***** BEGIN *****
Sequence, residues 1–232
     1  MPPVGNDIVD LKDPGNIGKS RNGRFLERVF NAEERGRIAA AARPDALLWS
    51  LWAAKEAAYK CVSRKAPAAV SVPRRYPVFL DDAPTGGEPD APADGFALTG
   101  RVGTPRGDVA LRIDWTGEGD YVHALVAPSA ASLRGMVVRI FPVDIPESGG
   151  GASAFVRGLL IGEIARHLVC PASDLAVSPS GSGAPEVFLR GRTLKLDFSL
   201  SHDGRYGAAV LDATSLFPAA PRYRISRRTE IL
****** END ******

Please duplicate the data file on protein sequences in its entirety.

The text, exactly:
Sequence, residues 1–232
     1  MPPVGNDIVD LKDPGNIGKS RNGRFLERVF NAEERGRIAA AARPDALLWS
    51  LWAAKEAAYK CVSRKAPAAV SVPRRYPVFL DDAPTGGEPD APADGFALTG
   101  RVGTPRGDVA LRIDWTGEGD YVHALVAPSA ASLRGMVVRI FPVDIPESGG
   151  GASAFVRGLL IGEIARHLVC PASDLAVSPS GSGAPEVFLR GRTLKLDFSL
   201  SHDGRYGAAV LDATSLFPAA PRYRISRRTE IL